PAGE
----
The effect of verapamil on AV conduction and the SA node may cause asymptomatic first-degree AV block and transient bradycardia, sometimes accompanied by nodal escape rhythms. PR-interval prolongation is correlated with verapamil plasma concentrations especially during the early titration phase of therapy. Higher degrees of AV block, however, were infrequently (0.8%) observed. Marked first-degree block or progressive development to second-or third-degree AV block requires a reduction in dosage or, in rare instances, discontinuation of verapamil HCl and institution of appropriate therapy, depending on the clinical situation.
In 120 patients with hypertrophic cardiomyopathy (most of them refractory or intolerant to propranolol) who received therapy with verapamil at doses up to 720 mg/day, a variety of serious adverse effects were seen. Three patients died in pulmonary edema; all had severe left ventricular outflow obstruction and a past history of left ventricular dysfunction. Eight other patients had pulmonary edema and/or severe hypotension; abnormally high (greater than 20 mm Hg) pulmonary wedge pressure and a marked left ventricular outflow obstruction were present in most of these patients. Concomitant administration of quinidine (see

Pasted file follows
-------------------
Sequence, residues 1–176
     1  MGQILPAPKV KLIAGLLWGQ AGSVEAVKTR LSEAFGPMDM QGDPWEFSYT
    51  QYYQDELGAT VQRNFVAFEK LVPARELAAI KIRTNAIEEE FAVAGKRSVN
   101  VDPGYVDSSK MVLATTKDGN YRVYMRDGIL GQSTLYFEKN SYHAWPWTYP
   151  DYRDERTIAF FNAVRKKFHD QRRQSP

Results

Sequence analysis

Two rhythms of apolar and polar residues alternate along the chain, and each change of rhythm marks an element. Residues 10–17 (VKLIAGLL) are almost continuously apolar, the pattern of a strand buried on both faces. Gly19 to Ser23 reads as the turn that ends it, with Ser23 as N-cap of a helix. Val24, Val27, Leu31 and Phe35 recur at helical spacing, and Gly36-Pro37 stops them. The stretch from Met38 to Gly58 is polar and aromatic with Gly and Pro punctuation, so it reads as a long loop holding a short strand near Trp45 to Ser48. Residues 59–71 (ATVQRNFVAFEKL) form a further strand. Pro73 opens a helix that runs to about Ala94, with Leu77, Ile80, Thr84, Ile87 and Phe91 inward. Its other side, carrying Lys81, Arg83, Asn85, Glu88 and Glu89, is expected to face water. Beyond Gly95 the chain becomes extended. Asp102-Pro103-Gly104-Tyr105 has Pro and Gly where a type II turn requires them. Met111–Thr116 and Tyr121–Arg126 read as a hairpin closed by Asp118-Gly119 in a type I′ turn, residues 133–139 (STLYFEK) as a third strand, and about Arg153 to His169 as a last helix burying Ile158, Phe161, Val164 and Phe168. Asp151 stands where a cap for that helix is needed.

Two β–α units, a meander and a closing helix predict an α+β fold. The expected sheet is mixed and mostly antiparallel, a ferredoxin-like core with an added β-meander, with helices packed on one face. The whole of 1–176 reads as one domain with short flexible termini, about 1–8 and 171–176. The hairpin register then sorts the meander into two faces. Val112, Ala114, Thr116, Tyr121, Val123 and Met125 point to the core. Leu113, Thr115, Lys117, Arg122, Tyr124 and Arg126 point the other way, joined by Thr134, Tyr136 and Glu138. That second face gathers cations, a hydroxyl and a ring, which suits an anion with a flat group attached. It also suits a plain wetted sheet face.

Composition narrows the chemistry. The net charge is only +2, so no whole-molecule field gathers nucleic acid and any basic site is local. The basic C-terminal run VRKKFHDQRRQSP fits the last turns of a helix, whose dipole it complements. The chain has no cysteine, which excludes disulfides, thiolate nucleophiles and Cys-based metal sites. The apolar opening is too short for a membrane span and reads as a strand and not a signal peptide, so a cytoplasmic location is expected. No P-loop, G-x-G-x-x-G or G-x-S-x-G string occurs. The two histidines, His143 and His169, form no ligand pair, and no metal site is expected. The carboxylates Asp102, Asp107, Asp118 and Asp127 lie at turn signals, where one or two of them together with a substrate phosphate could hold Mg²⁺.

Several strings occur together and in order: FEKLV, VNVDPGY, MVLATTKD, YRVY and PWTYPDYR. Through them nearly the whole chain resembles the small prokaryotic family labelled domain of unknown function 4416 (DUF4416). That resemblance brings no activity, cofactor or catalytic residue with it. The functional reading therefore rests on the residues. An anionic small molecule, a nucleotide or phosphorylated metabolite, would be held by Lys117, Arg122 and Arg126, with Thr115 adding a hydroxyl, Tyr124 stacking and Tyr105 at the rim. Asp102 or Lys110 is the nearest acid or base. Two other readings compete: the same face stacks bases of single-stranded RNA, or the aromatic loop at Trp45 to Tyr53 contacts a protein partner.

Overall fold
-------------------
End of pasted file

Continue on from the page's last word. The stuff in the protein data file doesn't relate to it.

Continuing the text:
ANIMAL PHARMACOLOGY & OR TOXICOLOGY
displayName: ANIMAL PHARMACOLOGY & OR TOXICOLOGY SECTION
FDA Article Code: 34091-9
displayName: ADVERSE REACTIONS SECTION
FDA Article Code: 34084-4
|Dizziness||3.30%||Bradycardia (HR <50/min)||1.40%|
|Nausea||2.70%||AV block total (1°, 2°, 3°)||1.20%|
|Hypotension||2.50%||2° and 3°||0.80%|
|CHF, Pulmonary edema||1.80%|
Elevated liver enzymes (see
angina pectoris, atrioventricular dissociation, chest pain, claudication, myocardial infarction, palpitations, purpura (vasculitis), syncope.
: diarrhea, dry mouth, gastrointestinal distress, gingival hyperplasia.
ecchymosis or bruising.
cerebrovascular accident, confusion, equilibrium disorders, insomnia, muscle cramps, paresthesia, psychotic symptoms, shakiness, somnolence, extrapyramidal symptoms.
arthralgia and rash, exanthema, hair loss, hyperkeratosis, macules, sweating, urticaria, Stevens-Johnson syndrome, erythema multiforme.
blurred vision, tinnitus.
gynecomastia, galactorrhea/hyperprolactinemia, increased urination, spotty menstruation, impotence.